Written by Josh Imes
In an attempt to appease the left’s laughably hypocritical ideology of “inclusion,” American education has transitioned to adopting a “college prep for all” approach to the way teenagers and young adults are educated. From these policies, we have begun to see an oversaturation in the job market of bachelor’s degrees, rendering them almost useless. In California, this is especially true.
However, the policies have not only affected the job market, but have since negatively affected the students in the local school systems. While it’s crucial to make every effort to be inclusive with education, ignoring the fact that some students may not have the aptitude or the interest in becoming lawyers, doctors or engineers has caused more issues with our education system. This college prep for all approach has forced many students to become less interested in school, and we see this with the rise in high school and college drop out rates.
While Democrats trip over their own feet trying to figure out what inclusion means to them, Republican lawmakers in California have fought hard to invest nearly $1 billion in a resurgence of vocational education for teens and young adults. Over the past decade, community colleges in California have become increasingly involved in preparing high school graduates for the workforce by responding to increasing employer demands for highly educated and well-trained job seekers.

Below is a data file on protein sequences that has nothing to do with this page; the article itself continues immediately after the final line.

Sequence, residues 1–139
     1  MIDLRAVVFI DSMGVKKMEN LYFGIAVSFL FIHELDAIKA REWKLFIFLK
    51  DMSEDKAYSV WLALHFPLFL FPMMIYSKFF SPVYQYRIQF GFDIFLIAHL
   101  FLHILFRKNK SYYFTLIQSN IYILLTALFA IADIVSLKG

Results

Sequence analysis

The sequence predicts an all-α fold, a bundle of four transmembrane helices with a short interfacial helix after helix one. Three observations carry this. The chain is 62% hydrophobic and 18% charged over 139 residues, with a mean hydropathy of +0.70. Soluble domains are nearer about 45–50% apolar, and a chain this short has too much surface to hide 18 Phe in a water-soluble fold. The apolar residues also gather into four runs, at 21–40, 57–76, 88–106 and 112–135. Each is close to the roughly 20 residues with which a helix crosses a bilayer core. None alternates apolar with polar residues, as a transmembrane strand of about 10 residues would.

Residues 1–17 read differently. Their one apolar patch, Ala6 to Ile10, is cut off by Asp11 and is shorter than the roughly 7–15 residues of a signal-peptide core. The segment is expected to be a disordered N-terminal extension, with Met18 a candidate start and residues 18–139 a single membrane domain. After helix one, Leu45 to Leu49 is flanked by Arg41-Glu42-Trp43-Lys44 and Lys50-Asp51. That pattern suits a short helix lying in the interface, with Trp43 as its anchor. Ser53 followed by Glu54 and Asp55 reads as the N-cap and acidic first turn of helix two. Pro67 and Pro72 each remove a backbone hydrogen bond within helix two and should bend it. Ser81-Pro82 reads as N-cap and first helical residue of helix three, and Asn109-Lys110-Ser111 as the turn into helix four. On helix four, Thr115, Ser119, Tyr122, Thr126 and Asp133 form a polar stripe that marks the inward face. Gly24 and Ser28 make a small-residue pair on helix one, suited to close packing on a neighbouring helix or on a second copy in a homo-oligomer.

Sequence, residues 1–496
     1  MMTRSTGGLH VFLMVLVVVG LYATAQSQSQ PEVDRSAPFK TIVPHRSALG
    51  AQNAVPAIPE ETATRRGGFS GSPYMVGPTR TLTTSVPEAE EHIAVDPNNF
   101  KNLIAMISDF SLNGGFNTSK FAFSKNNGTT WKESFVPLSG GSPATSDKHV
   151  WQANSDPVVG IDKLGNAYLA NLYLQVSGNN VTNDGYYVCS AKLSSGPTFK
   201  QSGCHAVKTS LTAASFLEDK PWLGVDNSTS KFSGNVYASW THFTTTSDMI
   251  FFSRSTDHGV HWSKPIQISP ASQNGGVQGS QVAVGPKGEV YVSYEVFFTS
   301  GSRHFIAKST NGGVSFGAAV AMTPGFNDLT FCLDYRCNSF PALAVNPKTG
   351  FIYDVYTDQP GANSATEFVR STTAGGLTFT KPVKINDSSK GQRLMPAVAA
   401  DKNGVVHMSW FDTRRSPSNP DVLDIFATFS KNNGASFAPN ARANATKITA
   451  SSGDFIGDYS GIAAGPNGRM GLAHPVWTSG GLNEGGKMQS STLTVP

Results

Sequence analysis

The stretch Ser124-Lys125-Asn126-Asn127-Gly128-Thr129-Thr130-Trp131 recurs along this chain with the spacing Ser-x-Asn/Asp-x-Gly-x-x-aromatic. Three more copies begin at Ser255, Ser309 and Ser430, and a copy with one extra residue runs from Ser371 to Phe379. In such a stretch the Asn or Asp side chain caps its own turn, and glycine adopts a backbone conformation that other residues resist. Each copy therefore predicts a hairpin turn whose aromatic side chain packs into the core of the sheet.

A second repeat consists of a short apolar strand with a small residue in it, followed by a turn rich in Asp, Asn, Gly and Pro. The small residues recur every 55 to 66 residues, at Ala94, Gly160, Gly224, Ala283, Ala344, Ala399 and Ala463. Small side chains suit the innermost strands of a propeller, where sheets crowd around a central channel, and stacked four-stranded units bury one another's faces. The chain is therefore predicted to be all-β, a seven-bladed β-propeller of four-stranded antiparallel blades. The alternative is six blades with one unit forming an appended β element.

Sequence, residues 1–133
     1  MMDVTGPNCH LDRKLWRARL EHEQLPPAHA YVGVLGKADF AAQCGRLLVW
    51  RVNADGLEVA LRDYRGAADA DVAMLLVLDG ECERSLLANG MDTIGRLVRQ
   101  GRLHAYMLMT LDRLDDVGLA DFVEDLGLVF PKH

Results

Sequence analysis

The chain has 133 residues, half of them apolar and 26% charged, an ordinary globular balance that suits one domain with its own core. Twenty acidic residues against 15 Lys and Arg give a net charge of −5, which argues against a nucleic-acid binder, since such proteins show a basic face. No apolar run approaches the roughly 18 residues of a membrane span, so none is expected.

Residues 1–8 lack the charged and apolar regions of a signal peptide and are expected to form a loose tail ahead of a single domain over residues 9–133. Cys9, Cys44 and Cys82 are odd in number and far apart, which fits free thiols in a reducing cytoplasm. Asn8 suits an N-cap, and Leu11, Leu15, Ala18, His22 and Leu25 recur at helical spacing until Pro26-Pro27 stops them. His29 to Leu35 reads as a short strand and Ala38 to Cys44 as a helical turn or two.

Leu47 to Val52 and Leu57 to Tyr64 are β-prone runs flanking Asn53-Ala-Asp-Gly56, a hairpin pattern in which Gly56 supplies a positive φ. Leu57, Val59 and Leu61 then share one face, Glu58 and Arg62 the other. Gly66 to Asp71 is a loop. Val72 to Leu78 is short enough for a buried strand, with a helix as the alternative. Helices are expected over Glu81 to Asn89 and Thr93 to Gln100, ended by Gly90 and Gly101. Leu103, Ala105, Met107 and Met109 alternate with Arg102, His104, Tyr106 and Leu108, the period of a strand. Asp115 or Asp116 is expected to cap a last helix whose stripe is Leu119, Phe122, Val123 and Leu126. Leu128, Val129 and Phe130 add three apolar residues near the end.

High schools are now also attempting to rejoin the fray. However, the going is tough considering the costs to re-establish these programs are nearly unaffordable due to the facilities needed as well as the funds to hire well-trained professionals that also have the state-required certifications to be educators.
Unfortunately for the students in this situation, they are confused—especially the ones who stick it out and graduate high school but have no aspirations to attend college. They’ve been loaded with this college prep only to backtrack and spend another two years and thousands of dollars gaining the necessary experience and knowledge to become marketable in the workforce. Thanks to the Democrats’ remarkable ability to make things so convoluted, we now have to sit back and watch young adults struggle to find what they are passionate about late into their twenties.
The resurgence of vocational education in high school is a blessing to those students fortunate enough to receive that education, and one can only hope that the Republicans championing this educational reform win out and actually provide a more inclusive educational environment.